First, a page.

Nature in its Colourful Avatar

Spring was slowly giving way to the next season as was evident from the rustling of the leaves under our feet. The group had scampered around – some seen bending over leaves on the ground, some standing tall to wriggle off a few flowers from the branches and some carefully scrutinising a pebble. We were off to a curious and an interesting start at Aranya – a Natural Dyes and Design workshop in the midst of wildlife at Kanha National Park.

Fabrics and design may not evoke any association with tigers, but they share a deep connection with the natural surroundings. Nature not only inspires creativity, and brilliant ideas, but turns out that it’s also a warehouse of natural dyes! Aranya was a step towards understanding the myriad applications of natural dye. It set us thinking on how we could replace chemical colours with a bio-degradable solution. (Yes, that’s possible!)

 Colours and Imprints

Laden with the choicest floral varieties, tree barks, leaves of all sizes, colours and textures, we excitedly made our way back to the workshop venue, where Arun our facilitator would demonstrate a simple but powerful printing technique. Some of us didn’t hesitate to pick large pebbles, but the surprising find was snail shells! It was only later that we realised that the textures and patterns on these artifacts would serve as design imprints too, in addition to lending colours and shapes.

The first task was to choose artifacts as per the print design in mind and soak them in a bowl of vinegar-ed solution. These had to remain in the solution for about 15-20 mins, in order to fix the colour. Earlier in the day, we had started off with a “circle time” where all of us gathered for the first time for a brief introduction. Standing in a circle and holding hands, Namrata our moderator initiated a simple hand squeeze exercise for the friendly vibe and energy to travel around. It was a circle of a homogenous group of people from as close as Bhopal and as far as Chennai and Kolkata, which now stood huddled to place their little treasures in the solution. It soon came to resemble a community bowl and a colourful coming together of the group. A pure white georgette silk fabric chosen for the exercise had to be rinsed in an RFD solution that included cow dung and alum. After drying, it was ready to be “printed”. The flaming tesus and heady mohuas were brought out and onto the fabric. The peepal leaves with its venous strains and the stained pebbles promised to bring out earthy tones and not to mention the dual toned leaves that were to create a twin effect. The snail shells now felt like a treasured find indeed. The benign whites and yellows were dipped in coloured solution (red, yellow and indigo) before being used.

The next step was to place a twig at one end of the fabric and roll it tightly into cloth bundle. After securing the bundle with twine, these went into a pan of boiling hot water. A few hours later when these were taken off and untied, it was sight to behold! Nature’s bounty had left colourful imrpints and patterns.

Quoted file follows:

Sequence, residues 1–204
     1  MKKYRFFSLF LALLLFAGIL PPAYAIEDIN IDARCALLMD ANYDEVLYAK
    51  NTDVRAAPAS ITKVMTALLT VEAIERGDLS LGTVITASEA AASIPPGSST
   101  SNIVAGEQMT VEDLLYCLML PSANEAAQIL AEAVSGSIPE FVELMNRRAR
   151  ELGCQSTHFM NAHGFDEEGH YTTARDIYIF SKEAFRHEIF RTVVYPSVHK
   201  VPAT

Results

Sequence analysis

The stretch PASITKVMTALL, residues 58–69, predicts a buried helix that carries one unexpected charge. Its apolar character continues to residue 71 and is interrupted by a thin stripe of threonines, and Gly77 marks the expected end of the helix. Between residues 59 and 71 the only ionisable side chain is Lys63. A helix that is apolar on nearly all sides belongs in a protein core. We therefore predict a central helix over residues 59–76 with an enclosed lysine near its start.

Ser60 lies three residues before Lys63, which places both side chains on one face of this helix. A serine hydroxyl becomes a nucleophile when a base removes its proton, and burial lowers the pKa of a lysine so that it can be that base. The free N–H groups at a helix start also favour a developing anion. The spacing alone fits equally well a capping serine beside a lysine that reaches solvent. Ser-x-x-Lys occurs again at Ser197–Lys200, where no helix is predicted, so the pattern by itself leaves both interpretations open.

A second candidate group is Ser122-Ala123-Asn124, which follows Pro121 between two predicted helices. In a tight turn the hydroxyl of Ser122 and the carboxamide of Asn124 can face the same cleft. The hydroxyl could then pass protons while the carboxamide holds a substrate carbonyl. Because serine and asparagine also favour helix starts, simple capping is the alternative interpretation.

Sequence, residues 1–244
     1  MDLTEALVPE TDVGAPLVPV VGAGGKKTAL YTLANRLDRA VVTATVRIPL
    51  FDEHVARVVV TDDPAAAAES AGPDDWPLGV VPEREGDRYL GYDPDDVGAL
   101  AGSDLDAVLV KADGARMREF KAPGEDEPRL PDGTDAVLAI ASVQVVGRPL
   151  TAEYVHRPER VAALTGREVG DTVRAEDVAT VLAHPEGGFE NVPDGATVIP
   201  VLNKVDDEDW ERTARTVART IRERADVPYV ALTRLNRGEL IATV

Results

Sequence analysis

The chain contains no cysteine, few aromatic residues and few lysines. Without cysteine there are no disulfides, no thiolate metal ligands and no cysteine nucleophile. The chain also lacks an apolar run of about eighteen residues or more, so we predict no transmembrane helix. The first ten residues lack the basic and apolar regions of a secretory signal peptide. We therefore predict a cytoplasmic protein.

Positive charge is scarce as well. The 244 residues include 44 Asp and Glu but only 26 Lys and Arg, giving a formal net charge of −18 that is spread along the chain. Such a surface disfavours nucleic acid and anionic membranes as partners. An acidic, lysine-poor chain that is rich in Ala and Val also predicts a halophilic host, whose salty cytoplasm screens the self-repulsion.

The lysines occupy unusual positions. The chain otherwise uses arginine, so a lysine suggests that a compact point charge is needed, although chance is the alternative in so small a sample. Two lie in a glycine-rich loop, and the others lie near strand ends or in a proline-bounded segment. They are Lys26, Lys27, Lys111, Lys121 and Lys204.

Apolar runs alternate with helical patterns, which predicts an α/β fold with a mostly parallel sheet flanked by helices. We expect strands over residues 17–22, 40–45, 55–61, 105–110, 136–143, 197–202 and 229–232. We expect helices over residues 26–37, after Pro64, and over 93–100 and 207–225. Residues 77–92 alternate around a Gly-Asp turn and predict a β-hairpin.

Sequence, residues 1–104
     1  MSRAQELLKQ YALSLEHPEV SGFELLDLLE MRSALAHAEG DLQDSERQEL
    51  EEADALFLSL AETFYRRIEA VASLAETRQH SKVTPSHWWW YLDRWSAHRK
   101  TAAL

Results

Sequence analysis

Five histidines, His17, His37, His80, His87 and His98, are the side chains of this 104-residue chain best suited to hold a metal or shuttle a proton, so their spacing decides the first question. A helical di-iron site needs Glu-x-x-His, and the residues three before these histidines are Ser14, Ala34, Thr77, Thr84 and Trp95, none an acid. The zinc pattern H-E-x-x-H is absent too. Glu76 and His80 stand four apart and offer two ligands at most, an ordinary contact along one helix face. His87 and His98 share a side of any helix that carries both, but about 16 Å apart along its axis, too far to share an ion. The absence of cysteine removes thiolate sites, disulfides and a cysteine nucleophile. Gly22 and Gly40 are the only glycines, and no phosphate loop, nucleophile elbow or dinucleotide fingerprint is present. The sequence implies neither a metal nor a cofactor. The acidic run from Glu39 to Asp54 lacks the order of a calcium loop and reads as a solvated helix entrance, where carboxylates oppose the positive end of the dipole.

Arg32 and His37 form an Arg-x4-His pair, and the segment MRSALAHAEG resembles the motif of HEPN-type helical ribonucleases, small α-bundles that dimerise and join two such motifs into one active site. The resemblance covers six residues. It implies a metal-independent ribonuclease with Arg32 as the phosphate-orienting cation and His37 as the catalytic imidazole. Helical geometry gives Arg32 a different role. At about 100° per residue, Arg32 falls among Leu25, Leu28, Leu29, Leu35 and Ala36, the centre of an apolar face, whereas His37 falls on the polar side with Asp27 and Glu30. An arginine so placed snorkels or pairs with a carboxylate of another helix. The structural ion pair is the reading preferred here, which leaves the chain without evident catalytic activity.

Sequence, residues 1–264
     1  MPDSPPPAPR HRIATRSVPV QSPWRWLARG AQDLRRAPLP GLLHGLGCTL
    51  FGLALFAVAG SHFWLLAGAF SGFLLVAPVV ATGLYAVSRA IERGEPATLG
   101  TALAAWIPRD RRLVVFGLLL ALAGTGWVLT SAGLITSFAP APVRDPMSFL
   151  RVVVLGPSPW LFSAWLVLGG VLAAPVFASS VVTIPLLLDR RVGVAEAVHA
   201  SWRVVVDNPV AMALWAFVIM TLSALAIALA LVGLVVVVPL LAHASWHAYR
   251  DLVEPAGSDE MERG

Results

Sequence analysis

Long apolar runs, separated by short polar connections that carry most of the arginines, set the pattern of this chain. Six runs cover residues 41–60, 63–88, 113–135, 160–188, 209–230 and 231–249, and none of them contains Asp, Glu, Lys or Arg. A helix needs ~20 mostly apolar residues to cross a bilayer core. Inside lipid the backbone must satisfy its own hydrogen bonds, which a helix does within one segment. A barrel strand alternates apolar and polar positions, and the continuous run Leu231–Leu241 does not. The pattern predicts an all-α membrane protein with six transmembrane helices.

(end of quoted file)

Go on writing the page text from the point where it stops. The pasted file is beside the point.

More Inspiration from Nature

Ghana was our facilitator for the evening session. She brought out another creative connection with nature. Following her instructions, we were once again on foot, looking around this time for that one thing that interested us the most. It could be anything simple or outrageous but realistic enough to draw on paper! A small section f this drawing (that could serve as a probable design) was to be sketched on to a graph paper. After tracing this on a soft cut-out followed by meticulous grafting it was now ready to serve as a stencil for printing. It was the day of revelations as we understood nature as a bountiful source.

The next day we ventured deeper into the forest on a safari. The tiger was elusive barring for one group that was lucky to spot both a leopard and a tiger. But for the next four hours we were in complete tune with the sounds and sights of the forest. The pristine and serene surroundings are the best treat one can ask for.

On the third and day of grand finale, the jungle mood and the collective vibe was captured on a wall painting. Once again led by Ghana, there was picturesque jungle scene, a small piece painted by each one of us using only the natural colours. We all had left a little piece of us in the precincts of Kanha.

 All members of the workshop would like to thank Sanjay Shukla, Field Director of Kanha National Park for making this visit fruitful and hospitable.

True Tone is the  company that cooks herbal or natural dye recipes for craft and industry level use. Besides ​this, they sell natural dyed fabrics and do job work dyeing as well. Arun is the patent holder of the herbal dyeing process who has standardise​d natural dyes.

​He is a passionate environmentalist and is working to replace chemical dye with natural ones. He will be guiding the ​dye extraction and dyeing process.

​Art Compassion is a community art movement who help create, curate and collaborate art. It works with multiple artists and facilitate such sessions. It will guide the aesthetic expressions and exploration in the workshop. ​ Ghana is the co-founder, a compassionate artist and textile designer.​

Biome is a living dream towards a sustainable future.  It is a product and movement. Product is natural dyed collection of organic and hand-woven clothing. And movement is awareness interactions, seminar with school children and natural dyeing workshops to learn about sustainability in textiles.